The civil service’s biggest trade union has withdrawn from the Cabinet Office’s respect and inclusion review into racism and other kinds of discrimination in the department.
The Cabinet Office launched the review last year after receiving pressure from PCS amid accusations of racism and unfairness towards disabled staff.
PCS released a statement on Friday, announcing its withdrawal from the “flawed” review.
The union said it has “sought to work cooperatively with the department, but management have resisted and appear to have seen the review as an exercise in damage limitation”.
“PCS has been campaigning for two years for the department to work with us to deal with racism and disability discrimination, but we have been met with defensiveness and intransigence,” the union said.
“We will now pursue other options to ensure that this failing department is held to and upholds the standards which every working person has a right to expect.”
Officers at PCS wrote to Cabinet Office chief operating officer Sarah Harrison on Wednesday, advising that PCS will no longer take part in the review.
The union said the government had rejected its proposals for an open and transparent review that staff could have confidence in.
PCS said it had suggested the Cabinet Office hire organisations with expertise in investigating racism and other forms of discrimination to conduct the review, but the Cabinet Office instead chose the market research firm Ipsos MORI.
It said the Cabinet Office also refused to allow a trade union presence on the review’s management panel and failed to specifically reference racism and disability discrimination as part of the review.
The Cabinet Office said the review will focus on racism and disability discrimination where its data shows room for improvement.
Cabinet Office minister Michael Ellis said last month that the review would have a “particular focus on race and disability where our data shows scope for improvement”. The Cabinet Office has not published terms of reference for the review.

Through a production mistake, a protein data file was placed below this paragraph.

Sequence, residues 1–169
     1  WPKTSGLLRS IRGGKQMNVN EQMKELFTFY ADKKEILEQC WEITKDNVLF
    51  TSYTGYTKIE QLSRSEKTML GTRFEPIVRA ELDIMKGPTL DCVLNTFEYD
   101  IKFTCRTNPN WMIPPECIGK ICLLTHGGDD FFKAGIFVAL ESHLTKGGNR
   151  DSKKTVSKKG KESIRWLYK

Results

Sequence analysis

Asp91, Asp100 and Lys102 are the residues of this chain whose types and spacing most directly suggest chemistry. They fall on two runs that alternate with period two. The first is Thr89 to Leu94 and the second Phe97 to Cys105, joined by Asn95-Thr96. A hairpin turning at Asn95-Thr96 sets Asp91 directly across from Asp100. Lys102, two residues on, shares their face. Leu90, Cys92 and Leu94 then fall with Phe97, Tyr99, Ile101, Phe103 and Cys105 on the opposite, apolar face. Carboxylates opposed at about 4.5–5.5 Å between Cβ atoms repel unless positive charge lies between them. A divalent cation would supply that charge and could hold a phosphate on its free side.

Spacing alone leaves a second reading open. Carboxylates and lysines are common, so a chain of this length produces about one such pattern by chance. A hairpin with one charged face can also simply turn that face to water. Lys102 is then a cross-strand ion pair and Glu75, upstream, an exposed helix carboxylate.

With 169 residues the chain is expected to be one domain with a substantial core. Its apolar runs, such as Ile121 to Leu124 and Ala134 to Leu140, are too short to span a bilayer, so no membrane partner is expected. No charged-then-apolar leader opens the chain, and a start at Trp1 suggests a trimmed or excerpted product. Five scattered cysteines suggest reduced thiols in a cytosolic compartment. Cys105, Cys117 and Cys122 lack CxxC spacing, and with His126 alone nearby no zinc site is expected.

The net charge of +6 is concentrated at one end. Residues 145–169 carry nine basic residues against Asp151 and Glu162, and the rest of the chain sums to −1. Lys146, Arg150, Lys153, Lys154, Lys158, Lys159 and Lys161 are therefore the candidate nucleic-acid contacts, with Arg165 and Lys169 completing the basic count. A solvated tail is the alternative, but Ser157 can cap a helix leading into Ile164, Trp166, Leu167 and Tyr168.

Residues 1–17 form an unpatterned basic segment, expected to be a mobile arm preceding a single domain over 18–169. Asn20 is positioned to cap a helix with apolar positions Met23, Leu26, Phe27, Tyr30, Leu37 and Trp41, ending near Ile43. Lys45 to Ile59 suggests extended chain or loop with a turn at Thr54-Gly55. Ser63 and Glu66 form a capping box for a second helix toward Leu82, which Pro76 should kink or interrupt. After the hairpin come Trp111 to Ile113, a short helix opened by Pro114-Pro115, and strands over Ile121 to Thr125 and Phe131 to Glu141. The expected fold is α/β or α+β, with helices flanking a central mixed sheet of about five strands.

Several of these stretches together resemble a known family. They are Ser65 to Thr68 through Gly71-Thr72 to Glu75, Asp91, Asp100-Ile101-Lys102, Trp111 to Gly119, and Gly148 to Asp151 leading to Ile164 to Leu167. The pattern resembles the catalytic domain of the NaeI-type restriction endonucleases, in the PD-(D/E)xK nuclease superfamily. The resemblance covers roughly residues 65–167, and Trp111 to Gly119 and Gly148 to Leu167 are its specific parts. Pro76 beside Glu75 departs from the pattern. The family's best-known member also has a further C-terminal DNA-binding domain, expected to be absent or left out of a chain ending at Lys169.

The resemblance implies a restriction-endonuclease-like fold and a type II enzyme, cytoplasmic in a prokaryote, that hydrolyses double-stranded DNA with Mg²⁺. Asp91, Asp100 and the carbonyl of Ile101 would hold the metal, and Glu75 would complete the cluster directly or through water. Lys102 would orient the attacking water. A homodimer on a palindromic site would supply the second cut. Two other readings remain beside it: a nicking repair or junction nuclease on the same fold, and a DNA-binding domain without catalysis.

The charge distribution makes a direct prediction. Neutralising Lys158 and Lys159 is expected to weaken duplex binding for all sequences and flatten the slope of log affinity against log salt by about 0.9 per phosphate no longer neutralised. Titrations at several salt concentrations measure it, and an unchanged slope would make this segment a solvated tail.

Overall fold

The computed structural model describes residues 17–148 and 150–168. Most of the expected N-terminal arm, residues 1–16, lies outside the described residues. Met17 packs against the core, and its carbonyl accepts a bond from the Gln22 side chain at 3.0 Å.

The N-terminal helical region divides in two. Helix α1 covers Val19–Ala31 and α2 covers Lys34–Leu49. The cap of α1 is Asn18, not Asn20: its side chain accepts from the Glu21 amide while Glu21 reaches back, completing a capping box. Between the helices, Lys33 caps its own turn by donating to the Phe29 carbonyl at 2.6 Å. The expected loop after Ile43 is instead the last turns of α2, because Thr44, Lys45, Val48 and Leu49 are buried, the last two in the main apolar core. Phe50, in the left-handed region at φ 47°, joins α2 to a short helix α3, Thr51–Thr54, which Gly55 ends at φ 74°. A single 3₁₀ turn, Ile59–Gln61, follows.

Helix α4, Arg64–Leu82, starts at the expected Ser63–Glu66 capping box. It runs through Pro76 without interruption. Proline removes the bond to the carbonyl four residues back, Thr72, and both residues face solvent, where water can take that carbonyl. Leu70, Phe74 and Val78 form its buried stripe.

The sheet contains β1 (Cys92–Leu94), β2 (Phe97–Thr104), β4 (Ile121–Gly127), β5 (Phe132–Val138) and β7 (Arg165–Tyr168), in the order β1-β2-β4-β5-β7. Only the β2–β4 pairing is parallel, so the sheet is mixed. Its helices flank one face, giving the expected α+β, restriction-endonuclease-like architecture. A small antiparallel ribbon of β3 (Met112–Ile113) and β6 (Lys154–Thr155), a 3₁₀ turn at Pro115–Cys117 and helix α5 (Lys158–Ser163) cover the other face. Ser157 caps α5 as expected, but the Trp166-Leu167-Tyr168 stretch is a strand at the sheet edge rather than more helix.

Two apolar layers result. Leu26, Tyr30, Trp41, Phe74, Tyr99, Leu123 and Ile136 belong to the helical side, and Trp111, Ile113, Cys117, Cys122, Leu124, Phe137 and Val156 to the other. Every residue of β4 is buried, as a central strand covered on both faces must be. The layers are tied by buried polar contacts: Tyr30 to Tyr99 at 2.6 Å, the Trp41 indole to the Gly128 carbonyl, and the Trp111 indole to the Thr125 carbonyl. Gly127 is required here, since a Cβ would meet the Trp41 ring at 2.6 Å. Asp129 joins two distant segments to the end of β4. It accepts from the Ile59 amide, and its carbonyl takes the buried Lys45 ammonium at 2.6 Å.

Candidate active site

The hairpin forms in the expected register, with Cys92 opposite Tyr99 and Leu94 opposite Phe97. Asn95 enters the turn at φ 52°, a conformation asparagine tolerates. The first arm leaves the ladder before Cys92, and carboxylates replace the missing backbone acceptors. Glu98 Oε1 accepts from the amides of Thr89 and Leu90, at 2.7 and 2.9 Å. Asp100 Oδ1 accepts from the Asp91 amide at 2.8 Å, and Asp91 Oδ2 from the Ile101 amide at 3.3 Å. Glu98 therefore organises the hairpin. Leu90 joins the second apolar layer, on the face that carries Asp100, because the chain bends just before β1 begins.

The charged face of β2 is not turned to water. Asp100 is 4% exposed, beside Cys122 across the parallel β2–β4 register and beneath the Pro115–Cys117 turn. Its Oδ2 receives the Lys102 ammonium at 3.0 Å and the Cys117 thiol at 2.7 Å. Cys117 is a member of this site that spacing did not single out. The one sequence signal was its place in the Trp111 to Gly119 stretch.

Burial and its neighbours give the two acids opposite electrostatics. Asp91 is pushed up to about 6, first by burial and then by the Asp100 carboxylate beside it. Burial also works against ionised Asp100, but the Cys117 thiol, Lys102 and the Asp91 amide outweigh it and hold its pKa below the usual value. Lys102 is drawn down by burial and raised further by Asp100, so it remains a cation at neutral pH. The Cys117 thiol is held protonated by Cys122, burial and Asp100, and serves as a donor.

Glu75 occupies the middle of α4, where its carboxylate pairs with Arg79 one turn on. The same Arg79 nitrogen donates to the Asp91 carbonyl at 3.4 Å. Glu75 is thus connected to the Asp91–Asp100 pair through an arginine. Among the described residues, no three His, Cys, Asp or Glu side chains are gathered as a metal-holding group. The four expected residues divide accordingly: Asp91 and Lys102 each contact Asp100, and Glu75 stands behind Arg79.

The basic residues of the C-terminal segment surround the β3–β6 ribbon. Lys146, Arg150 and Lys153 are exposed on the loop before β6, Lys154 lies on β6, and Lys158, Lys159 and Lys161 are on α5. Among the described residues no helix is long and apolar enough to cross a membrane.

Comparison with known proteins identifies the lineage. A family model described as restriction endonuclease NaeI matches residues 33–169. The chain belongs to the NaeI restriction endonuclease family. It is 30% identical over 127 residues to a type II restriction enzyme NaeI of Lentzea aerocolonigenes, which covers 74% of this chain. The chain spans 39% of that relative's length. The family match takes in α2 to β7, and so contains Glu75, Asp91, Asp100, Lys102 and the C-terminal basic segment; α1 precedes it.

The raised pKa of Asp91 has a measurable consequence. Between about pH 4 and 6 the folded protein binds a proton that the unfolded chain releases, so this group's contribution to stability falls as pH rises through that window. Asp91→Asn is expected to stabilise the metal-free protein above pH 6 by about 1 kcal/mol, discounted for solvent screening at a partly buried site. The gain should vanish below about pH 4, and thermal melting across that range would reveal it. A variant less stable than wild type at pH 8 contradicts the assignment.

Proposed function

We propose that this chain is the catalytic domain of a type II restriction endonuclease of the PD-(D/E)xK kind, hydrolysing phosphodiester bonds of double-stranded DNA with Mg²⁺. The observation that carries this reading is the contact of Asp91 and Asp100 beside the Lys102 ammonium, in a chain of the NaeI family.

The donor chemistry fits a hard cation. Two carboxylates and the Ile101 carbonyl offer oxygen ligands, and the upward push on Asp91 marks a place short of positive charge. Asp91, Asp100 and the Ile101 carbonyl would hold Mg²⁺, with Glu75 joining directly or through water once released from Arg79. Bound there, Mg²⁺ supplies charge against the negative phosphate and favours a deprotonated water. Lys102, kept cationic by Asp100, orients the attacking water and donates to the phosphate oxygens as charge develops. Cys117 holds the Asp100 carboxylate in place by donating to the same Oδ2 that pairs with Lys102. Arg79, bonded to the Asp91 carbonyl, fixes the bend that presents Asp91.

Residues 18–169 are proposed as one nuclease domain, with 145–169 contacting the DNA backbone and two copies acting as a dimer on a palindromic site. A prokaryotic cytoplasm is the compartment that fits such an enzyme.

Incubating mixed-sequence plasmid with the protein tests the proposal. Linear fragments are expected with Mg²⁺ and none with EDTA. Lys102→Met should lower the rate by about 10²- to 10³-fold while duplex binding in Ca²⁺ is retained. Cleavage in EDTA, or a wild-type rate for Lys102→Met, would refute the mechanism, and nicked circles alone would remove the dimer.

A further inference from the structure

The union also said the Cabinet Office has “sought to shield its senior leaders from any criticism that could emerge from the report and deliberately chosen to put in place damage limitation” by not providing the unions with the draft version of the report.
Other criticisms included the lack of opportunities for staff to have one-to-one meetings with Ipsos MORI, “chaotic organisation” and insufficient resources for the review.
“A key part of that strategy appears to be about keeping the unions at arm’s length, rather than embracing the openness and transparency that PCS called for,” the union added.
A Cabinet Office spokesperson said: “The respect and inclusion review is a crucial part of our work to make sure we are a supportive, fully inclusive and welcoming place to work.
"Unions and other stakeholders have and continue to be regularly engaged throughout this process, including through dedicated sessions with representatives."
The Cabinet Office said it does not tolerate discrimination bullying, harassment or discrimination in any form and said the latest data shows a decline in reported incidents of discrimination in the department.
A black civil servant recently received a six-figure settlement from the Cabinet Office over racial discrimination allegations and has called for an investigation into the department.
Another black civil servant reportedly tried to take their own life after “prolonged racial bullying” in a government department.
PCS last year threatened the Cabinet Office with legal action, saying it had compiled evidence showing that more than 80 of its members who work in the department had complained about being racially bullied.